Authentication works by automatically sending a series of encoded passwords over the airwaves between the cellular telephone and the cellular network to validate a customer each time a call is placed or received. Authentication uses a complex security feature that contains a secret code and special number based on an algorithm shared only by the cellular telephone and the wireless network.
Whenever a customer places or receives a call, the wireless system asks the cellular telephone to prove its identity through a question- and-answer process. This process occurs without delaying the time it takes to connect a legitimate cellular call. There is no charge for this service. Authentication uses advanced encryption technology that makes it almost impossible for a subscriber’s mobile phone number to be cloned.
It involves the exchange of a secret code based on an intricate algorithm between the phone and the switch. These algorithms are so complex that service providers say that they will remain impenetrable for at least 20 years. Authentication technology identifies cloned phone numbers immediately, before costly communications can take place. The digital network and the authentication-ready phones operating on it carry matching information.
When a user initiates a call, the network challenges the phone to verify itself by performing a mathematical equation only that specific phone can solve. An authenticatable phone will match the challenge, confirming that it and the corresponding phone number are being used by a legitimate customer. If it does not match, the network determines that the phone number is being used illegally, and service to that phone is terminated.
All this takes place in a fraction of a second. Prior to authentication, a PIN had to be entered before the call was connected. All that the user needs now is an authentication- ready phone to take advantage of the service, which is usually offered free. Where authentication service is available, subscribers no longer need to use a PIN to make calls, except when roaming in areas where authentication is not yet available.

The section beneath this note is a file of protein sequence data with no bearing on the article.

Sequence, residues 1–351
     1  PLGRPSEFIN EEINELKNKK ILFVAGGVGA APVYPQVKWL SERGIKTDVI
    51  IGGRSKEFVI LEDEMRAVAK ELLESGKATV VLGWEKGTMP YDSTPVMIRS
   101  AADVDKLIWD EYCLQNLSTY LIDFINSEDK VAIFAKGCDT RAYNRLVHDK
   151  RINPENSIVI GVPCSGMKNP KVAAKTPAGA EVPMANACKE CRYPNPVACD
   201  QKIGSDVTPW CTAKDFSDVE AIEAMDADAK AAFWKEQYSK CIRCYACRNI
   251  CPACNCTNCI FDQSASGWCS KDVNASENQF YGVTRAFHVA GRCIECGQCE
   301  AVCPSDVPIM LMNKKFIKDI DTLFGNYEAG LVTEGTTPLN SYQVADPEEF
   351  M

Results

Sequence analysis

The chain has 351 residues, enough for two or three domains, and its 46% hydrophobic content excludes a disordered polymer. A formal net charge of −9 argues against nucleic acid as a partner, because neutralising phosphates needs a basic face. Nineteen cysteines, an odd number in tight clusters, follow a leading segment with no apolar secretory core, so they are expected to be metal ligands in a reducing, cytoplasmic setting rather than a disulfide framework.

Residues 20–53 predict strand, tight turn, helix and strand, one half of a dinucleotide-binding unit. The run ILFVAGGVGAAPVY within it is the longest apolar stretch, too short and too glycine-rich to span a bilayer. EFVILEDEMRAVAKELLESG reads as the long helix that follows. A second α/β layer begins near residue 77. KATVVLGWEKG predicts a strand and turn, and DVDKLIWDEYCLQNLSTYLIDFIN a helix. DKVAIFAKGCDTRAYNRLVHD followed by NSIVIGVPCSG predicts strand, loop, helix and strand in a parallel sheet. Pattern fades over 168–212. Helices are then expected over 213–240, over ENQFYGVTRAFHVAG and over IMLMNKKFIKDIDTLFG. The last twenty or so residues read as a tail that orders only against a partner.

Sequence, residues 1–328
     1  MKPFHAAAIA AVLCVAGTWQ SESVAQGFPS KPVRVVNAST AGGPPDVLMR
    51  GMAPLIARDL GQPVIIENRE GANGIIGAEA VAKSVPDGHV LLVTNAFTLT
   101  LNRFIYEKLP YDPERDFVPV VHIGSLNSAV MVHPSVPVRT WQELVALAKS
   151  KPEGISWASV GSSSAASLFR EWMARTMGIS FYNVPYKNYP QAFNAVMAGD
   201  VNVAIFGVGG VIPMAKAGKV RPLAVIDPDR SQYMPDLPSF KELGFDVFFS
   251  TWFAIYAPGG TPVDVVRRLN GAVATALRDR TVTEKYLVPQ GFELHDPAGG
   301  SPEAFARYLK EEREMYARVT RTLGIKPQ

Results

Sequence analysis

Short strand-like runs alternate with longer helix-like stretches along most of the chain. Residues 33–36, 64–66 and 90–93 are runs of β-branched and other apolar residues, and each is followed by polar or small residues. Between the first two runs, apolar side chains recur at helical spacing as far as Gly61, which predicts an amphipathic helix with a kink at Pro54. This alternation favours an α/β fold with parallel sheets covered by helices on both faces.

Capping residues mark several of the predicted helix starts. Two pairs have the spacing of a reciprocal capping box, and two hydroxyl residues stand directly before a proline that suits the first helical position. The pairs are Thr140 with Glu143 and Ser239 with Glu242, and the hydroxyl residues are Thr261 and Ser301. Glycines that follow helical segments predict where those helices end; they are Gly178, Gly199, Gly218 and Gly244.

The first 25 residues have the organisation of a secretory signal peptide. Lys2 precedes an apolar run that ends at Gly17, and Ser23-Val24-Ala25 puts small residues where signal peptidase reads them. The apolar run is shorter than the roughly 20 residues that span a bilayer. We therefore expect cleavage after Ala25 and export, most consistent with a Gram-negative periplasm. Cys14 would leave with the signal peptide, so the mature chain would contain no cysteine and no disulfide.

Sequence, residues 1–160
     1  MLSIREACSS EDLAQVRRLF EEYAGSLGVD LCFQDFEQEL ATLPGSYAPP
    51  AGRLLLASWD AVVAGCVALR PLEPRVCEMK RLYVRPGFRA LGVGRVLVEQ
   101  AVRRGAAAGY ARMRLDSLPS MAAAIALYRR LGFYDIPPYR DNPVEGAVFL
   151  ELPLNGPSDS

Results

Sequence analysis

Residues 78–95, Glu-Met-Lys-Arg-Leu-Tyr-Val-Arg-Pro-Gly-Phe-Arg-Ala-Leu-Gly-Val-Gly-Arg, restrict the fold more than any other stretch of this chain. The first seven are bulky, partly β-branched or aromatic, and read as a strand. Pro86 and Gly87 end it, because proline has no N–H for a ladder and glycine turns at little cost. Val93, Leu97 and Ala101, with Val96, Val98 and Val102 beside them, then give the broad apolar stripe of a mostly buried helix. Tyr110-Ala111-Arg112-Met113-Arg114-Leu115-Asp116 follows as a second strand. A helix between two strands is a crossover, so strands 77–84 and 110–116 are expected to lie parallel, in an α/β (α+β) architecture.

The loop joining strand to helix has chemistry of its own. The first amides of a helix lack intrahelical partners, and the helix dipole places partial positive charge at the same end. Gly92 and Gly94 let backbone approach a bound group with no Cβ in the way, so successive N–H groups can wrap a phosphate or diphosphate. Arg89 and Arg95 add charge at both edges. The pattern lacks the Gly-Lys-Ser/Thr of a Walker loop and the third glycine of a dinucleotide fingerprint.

PINs have become an effective fraud prevention tool. If a subscriber’s phone gets cloned anyway, a simple call to the service provider to obtain a new PIN is the extent of the customer’s inconvenience—there is no need to change phone numbers, which also obviates the need for new business cards and letterheads.
The subscriber does not even need to come into the service center. But PINs are far from bulletproof, and cloners have proven particularly adept at cracking most security systems carriers have deployed. Still, PINs have decreased cellular phone fraud by as much as 70 percent.
Radio frequency Fingerprinting
Radio frequency fingerprinting is a step up from the use of PINs. With digital analysis technology that recognizes the unique characteristics of radio signals emitted by mobile phones, a fingerprint can be made that can distinguish individual phones within a fraction of a second after an attempt to place a call is made. Once the fraudulent call is detected, it is immediately disconnected. The technology works so well that it has cut down on fraudulent calls by as much as 85 percent in certain high-fraud markets, including Los Angeles and New York.